The 2014 Desmond Elliott Prize

14th April 2014

The Desmond Elliott Prize, the “most prestigious award for first-time novelists” (Telegraph), has announced a diverse longlist of 10 “astonishing” novels, which showcase the excellence of new British and Irish writing.

Among the chosen ten is The Dynamite Room, an eerie, thrillingly exciting and piercingly sad début for actor and play-write, Jason Hewitt.

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In the Event of an Apocalypse, Read this Book...

31st March 2014

Lewis Dartnell’s survival guide for the end of the world, The Knowldege, has received some great coverage this weekend; The Times, The New York Times, Daily Mail and Esquire Magazine have all reviewed favourably. The Times said:

An extraordinary achievement. With lucidity and brevity, Dartnell explains the rudiments of a civilisation. It is a great read even if civilisation does not collapse. If it does, it will be the sacred text of the new world — Dartnell that world’s first great prophet.”

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More Prizes for Miller

27th March 2014

Derek B. Miller’s Norwegian by Night has been shortlisted for the ‘Adult Debut Fiction Book of the Year’ category of the ABA Indies Choice, as well as the Strand Mystery Magazine Critics Award for best novel of the year:

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The Unlikely Settler on BBC Radio Scotland

14th March 2014

BBC Radio Scotland will have a long interview on Sunday Morning with Lipika Pelham, author of The Unlikely Settler. Lipika will talk about her experience of living in Jerusalem, and play her favourite music.

http://www.bbc.co.uk/programmes/b03y3fbz

Photograph: Karel Cudlin

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Photograph: Chris Christodoulou

50 years ago to the day...

5th March 2014

50 years ago to the day, a 20 year-old history, Arabic and medieval Spanish student at King’s College, Cambridge, lit a rocket under the musical establishment, and he’s spent the last half-century continuing to shock and awe, agitate and enlighten, entertain and energise audiences and performers all over the world - but mostly, and most importantly, in the UK ever since. It was on 5 March 1964 that John Eliot Gardiner conducted Monteverdi’s Vespers in the Chapel of King’s College, and musical culture has never been the same since…”

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Wellcome Book Prize 2014

26th February 2014

The shortlist for the Wellcome Book Prize 2014 has been announced by the chair of judges, poet Andrew Motion: Adam Rutherford, author of Creation: The Origin of Life/The Future of Life, will be competing against Elizabeth Gilbert, Emily Mayhew, Oliver Sacks, Andrew Solomon and Sarah Wise for this year’s Prize, which will be presented at a ceremony at Wellcome Collection on 29th April.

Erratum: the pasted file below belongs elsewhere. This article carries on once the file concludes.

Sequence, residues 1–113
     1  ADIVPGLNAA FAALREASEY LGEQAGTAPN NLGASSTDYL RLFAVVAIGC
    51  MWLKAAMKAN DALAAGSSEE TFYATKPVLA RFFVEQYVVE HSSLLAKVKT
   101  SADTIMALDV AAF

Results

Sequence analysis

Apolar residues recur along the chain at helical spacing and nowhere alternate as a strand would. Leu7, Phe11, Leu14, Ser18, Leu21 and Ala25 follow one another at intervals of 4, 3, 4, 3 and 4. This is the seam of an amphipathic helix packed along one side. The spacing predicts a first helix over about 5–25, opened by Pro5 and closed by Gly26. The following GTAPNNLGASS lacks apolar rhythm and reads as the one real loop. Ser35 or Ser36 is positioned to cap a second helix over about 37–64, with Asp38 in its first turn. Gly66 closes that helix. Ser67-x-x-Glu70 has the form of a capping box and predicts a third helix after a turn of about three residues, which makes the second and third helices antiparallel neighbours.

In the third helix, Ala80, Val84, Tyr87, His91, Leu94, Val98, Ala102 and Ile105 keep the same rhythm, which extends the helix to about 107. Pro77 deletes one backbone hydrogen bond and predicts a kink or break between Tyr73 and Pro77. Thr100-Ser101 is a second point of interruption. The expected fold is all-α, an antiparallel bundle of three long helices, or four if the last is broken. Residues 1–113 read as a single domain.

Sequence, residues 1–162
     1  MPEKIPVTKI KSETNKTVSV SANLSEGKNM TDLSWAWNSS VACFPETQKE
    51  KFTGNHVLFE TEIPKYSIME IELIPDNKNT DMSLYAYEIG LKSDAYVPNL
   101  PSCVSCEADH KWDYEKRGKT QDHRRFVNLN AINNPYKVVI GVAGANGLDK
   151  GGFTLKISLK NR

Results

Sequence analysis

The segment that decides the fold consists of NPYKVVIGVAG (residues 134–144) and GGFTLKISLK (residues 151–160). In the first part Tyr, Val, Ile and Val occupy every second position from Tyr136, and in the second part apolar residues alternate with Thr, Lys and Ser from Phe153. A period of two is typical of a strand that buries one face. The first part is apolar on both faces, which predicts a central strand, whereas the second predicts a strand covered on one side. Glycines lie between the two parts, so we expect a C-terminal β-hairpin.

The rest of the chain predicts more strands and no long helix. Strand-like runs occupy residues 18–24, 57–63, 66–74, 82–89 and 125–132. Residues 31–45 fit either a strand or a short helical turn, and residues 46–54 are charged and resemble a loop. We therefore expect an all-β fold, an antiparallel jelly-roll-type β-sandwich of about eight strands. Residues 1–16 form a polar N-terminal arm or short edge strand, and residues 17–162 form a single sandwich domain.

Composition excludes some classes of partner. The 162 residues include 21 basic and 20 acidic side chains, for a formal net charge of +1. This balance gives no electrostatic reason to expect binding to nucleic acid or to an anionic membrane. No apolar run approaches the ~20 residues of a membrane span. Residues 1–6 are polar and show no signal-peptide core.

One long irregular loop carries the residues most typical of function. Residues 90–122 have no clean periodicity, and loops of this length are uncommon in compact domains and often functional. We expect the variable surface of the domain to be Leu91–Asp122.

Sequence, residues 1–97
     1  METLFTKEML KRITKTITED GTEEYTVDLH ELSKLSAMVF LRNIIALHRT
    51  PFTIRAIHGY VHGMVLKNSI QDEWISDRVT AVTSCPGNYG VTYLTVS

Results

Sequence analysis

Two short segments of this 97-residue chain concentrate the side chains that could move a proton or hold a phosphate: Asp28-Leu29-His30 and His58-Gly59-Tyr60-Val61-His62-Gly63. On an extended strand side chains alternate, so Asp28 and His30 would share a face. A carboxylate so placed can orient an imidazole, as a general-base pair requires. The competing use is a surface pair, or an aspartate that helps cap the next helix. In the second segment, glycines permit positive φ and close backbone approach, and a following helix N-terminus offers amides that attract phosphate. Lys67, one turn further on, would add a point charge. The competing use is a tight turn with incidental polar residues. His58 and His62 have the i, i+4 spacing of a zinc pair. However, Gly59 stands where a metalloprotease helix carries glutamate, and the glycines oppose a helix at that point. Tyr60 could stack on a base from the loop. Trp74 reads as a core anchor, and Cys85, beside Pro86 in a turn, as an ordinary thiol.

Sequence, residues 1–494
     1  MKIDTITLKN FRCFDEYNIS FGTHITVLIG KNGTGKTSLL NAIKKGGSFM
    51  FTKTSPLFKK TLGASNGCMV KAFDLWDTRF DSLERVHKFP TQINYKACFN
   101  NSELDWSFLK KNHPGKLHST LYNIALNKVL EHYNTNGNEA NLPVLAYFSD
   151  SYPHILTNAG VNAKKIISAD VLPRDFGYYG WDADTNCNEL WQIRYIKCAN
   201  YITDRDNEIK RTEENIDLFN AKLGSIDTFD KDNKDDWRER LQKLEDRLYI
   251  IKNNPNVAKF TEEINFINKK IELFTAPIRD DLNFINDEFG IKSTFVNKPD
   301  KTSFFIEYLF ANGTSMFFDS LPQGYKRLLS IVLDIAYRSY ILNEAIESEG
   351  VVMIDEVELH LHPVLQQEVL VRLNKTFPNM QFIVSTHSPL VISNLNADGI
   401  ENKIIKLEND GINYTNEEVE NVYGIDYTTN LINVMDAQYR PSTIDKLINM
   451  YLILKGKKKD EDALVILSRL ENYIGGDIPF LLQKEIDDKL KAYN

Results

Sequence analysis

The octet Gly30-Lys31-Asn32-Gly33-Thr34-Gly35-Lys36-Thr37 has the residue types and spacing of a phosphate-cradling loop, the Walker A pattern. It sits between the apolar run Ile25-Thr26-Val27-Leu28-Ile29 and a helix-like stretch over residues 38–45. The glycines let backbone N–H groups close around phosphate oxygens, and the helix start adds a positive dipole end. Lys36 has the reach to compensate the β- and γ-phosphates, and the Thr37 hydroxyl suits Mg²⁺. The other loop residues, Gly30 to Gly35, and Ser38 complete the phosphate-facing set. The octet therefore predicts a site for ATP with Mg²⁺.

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Life on Mars

17th February 2014

Ever wondered what would happen to your body in Mars? In a recent article for Wired Magazine, Kevin Fong explores the strange, deadly effects a life on Mars would have on the human body:

Deprived of the need to work against the force of gravity, the body becomes deconditioned — taking athletes and turning them into couch potatoes.”

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Dostoevsky and the Chickens

11th February 2014

Tune in to BBC Radio 3, next Saturday 15th Feb, at 21:30, to hear novelist and filmmaker Xiaolu Guo’s radio drama, ‘Dostoevsky and the Chickens’, in which convicts read Dostoevsky and dream of life beyond the prison chicken plant.

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Alex Bellos on Radio 4

31st January 2014

Tune in to BBC Radio 4 next Wednesday at 21.00 to hear Alex Bellos take you on a mathematical learning journey from the first stages of number recognition, through to an understanding of how children solve sums and calculate answers. On the way he will look at the neuroscience of maths and how our mathematical brain develops. He will also investigate the scientific evidence behind teaching maths and compare how modern methods of teaching children differ from those taught to their parents, helping kids today go beyond basic numeracy to develop a passion for numbers.

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Creation

29th January 2014

Creation, Adam Rutherford’s extraordinary, flip-back book on the origins, and future, of life in genetics, has been picked as one of Nick Lezard’s Paperbacks of the Week, for the Guardian:

“ Dr Adam Rutherford (as he is at pains to point out, no relation to Ernest) is one of the best explicators of any science that I have read – in a field of good explicators, which is increasingly crowded. So even if you don’t have a thing for biology, you will still find this entertaining; you will also find it informative and perhaps, ultimately, scary.”

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